Somewhere in Streatham, south of London earlier this year, I found myself slouching lazily on a couch watching the BBC with a friend and his still lazier cat. On television was the Egyptian revolution “live”, with protesters and government supporters throwing rocks at each other. Such was the lamentable state of Egypt that used to be the apex of human civilization not once, but twice. Its deeply flawed institutions had reduced Egypt into a state of anarchy.
“Don’t you find this impossible?” I think I asked my friend. “We know these protesters want Mubarak out but what about his supporters? Are their wishes less legitimate than those protesting on the streets?”
The reply came promptly, “The importance of a credible election. Credible elections are important in determining popular opinion. Nothing in Egypt has enough credibility or the competence to ascertain the popular opinion right now.”
The Arab Spring is an extreme example but it does highlight the importance of a working electoral system. It highlights the importance of individuals trusting a system to aggregate popular opinion fairly and peacefully.
For this reason, the effort at electoral reforms by Bersih is important. Some of its demands add transparency in the electoral process and transparency goes a long way in creating credibility.
Bersih, of course, is about electoral reforms but the question of confidence in institutions is really part of the larger trust deficit problem in Malaysia. The problem of trust deficit is this: a considerable portion of Malaysians distrusts the government. And they are not libertarians. Rather, they are part of the everyday people.
It does not matter whether that portion makes up the majority of Malaysian society or not. The point is that they are big enough that they cannot be ignored, or banned just like that. There is no place for an ostrich if the country plans to solve the deficit.
For Malaysia, distrust in public institutions will not degenerate to the deplorable level seen in the Arab world recently anytime soon. It is an exaggeration to say otherwise. That is a long way down the canyon. Yet, various other not-so-ideal things can happen with the lack of confidence in public institutions.
When the public distrusts the courts, the police and everything that is commonly understood as the typical uncontroversial functions of the state, the government will have a hard time doing its job.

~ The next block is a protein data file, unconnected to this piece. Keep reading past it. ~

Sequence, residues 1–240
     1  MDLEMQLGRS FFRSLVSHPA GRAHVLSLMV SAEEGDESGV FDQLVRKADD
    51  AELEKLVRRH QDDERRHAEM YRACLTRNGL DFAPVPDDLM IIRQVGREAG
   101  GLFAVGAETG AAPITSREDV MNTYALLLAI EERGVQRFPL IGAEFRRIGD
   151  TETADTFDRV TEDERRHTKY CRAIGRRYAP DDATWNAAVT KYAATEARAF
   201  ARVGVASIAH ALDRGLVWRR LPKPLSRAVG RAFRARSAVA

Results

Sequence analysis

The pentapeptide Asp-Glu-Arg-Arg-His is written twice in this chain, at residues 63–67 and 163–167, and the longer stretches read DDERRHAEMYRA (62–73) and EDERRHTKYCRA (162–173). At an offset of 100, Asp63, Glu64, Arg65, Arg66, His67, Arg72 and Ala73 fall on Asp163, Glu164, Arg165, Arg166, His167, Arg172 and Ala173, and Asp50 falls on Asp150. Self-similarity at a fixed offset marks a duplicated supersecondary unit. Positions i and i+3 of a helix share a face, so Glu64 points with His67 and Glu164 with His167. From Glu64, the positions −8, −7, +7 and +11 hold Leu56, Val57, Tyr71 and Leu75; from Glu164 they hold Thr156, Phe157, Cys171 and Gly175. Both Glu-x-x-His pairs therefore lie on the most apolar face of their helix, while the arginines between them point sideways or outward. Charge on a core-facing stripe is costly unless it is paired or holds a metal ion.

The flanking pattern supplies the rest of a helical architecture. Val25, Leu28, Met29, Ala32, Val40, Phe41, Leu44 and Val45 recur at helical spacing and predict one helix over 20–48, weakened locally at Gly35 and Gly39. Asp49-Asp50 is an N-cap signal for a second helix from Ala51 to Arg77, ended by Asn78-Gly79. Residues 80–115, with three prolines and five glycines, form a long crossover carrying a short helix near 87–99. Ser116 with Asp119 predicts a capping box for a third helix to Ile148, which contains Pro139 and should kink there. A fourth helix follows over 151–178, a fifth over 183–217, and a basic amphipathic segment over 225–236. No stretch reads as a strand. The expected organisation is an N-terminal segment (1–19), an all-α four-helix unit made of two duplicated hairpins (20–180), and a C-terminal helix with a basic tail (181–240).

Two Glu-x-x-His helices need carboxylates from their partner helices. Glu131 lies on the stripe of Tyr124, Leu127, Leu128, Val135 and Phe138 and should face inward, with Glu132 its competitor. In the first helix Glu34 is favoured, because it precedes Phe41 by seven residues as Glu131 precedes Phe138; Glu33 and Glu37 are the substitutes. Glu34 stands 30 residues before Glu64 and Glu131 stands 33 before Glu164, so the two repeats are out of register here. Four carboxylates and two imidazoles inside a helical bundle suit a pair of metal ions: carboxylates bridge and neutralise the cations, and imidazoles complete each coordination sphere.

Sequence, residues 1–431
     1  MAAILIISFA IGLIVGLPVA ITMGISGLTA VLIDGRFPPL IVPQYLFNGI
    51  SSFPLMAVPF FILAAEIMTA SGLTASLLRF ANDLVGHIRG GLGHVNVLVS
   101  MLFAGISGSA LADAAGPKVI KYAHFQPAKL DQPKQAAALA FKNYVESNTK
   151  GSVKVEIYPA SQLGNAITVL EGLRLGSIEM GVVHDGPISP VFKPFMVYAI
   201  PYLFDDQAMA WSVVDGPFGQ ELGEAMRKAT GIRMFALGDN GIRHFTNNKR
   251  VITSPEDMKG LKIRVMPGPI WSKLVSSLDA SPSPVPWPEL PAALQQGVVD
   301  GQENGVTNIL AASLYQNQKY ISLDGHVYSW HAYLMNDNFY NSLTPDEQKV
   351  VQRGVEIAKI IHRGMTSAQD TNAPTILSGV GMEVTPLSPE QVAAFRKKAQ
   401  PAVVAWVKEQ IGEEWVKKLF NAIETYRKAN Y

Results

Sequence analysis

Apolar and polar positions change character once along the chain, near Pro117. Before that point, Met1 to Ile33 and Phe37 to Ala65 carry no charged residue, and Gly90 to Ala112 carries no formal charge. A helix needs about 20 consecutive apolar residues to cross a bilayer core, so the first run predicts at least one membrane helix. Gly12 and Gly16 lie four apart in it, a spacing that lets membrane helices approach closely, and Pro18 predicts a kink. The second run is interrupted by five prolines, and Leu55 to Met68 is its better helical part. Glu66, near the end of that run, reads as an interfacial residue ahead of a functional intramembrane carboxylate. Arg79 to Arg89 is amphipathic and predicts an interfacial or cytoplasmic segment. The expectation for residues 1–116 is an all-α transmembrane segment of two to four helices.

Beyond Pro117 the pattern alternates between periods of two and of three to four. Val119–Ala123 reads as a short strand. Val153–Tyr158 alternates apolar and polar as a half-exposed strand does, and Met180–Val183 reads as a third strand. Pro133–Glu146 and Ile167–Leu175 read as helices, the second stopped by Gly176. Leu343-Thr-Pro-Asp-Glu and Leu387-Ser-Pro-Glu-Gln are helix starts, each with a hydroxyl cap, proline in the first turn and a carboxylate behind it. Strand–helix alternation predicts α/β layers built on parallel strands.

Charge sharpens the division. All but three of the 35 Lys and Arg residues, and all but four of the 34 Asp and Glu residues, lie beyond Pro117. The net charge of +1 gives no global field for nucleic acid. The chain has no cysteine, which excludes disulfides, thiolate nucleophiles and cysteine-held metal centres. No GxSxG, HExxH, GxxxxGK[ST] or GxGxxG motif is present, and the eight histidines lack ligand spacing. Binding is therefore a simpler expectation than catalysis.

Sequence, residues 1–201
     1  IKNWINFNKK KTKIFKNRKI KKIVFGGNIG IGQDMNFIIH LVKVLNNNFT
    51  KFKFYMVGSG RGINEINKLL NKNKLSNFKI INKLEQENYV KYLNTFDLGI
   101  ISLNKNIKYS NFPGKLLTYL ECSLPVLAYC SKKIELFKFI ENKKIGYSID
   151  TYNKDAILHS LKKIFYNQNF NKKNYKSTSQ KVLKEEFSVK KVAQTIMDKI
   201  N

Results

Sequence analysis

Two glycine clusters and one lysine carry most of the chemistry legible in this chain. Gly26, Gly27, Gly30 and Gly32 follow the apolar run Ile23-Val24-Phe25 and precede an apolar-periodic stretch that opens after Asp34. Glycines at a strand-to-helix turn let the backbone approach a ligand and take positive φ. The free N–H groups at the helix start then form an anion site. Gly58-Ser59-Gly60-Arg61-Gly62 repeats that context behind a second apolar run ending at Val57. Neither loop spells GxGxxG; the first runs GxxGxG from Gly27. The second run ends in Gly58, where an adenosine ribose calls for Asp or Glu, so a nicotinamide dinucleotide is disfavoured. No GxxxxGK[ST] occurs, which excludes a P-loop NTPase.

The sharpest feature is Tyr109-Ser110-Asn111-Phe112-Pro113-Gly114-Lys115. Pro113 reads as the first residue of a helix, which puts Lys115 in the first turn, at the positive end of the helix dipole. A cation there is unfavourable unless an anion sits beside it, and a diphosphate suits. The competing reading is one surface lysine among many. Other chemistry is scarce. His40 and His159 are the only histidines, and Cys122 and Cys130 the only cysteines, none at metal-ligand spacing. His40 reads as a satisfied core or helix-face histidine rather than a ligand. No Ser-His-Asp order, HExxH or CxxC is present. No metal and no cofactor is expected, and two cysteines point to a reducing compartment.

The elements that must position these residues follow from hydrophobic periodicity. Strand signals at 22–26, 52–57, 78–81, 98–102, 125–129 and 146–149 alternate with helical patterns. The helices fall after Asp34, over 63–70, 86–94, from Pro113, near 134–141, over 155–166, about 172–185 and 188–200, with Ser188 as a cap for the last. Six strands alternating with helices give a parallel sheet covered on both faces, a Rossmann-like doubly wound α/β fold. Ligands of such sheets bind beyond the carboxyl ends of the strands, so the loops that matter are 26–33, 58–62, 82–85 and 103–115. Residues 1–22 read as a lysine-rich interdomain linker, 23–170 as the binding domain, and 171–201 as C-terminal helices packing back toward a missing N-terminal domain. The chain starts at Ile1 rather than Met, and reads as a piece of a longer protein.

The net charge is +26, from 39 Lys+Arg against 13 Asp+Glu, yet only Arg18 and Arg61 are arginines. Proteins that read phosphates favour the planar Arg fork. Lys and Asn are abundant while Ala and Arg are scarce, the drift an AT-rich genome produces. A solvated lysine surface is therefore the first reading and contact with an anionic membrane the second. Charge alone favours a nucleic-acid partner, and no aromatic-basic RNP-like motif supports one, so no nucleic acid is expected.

Take distrust in the police, for example. Crime cannot be the responsibility of the police alone. Crime fighting requires co-operation from the public. In an overly distrusting environment, is there a reason for a person to aid the police? Be a witness for the police? Is there a reason for the person to report the occurrence of crime to the police? Is there a reason for the person to believe the police will protect them?
All that will see individuals investing in their security, taking resources away from more productive activities. They make redundant activities typically funded by taxes.
This is already happening. Drive around Petaling Jaya and other neighborhoods and one can see what effectively are gated communities. Residents are pooling their resources to hire private firms to secure their property.
It shows they are distrustful of the police. Or at least how they do not believe that the police are competent enough to serve them, the taxpayers. What, one might ask, is the point of paying taxes to support the police force when one has to employ private security firms to keep one’s house safe?
And just to be naughty, if there was enough trust between the public and the government, the government would not have to spend millions of public funds for public relations exercises. That money can better be spent elsewhere. Yet, in times of great skepticism, what would be wasteful during normal times could become a necessity to keep the government running.
It is good to keep a healthy dose of skepticism against the government and the state in general. Yet, there is some optimum level of skepticism before destructive cynicism sets in.
Quite unfortunately, the current government of Malaysia — the Abdullah and the Najib administrations alike — is too good at inculcating public cynicism against itself. Given how the government tries hard to erode the independence of public institutions, the government is undermining public confidence in public institutions.
Bersih is a modest effort at trying to ultimately restore credibility to public institutions. In its little way, it is an effort to tackle the wider trust deficit.
The Najib administration, however, disagrees and demonizes Bersih instead. Maybe that is not at all surprising. The flawed institutions of status quo benefit the incumbent. The administration and its fiercest supporters are happy with the status quo. In jargon-speak, they have captured the public institutions.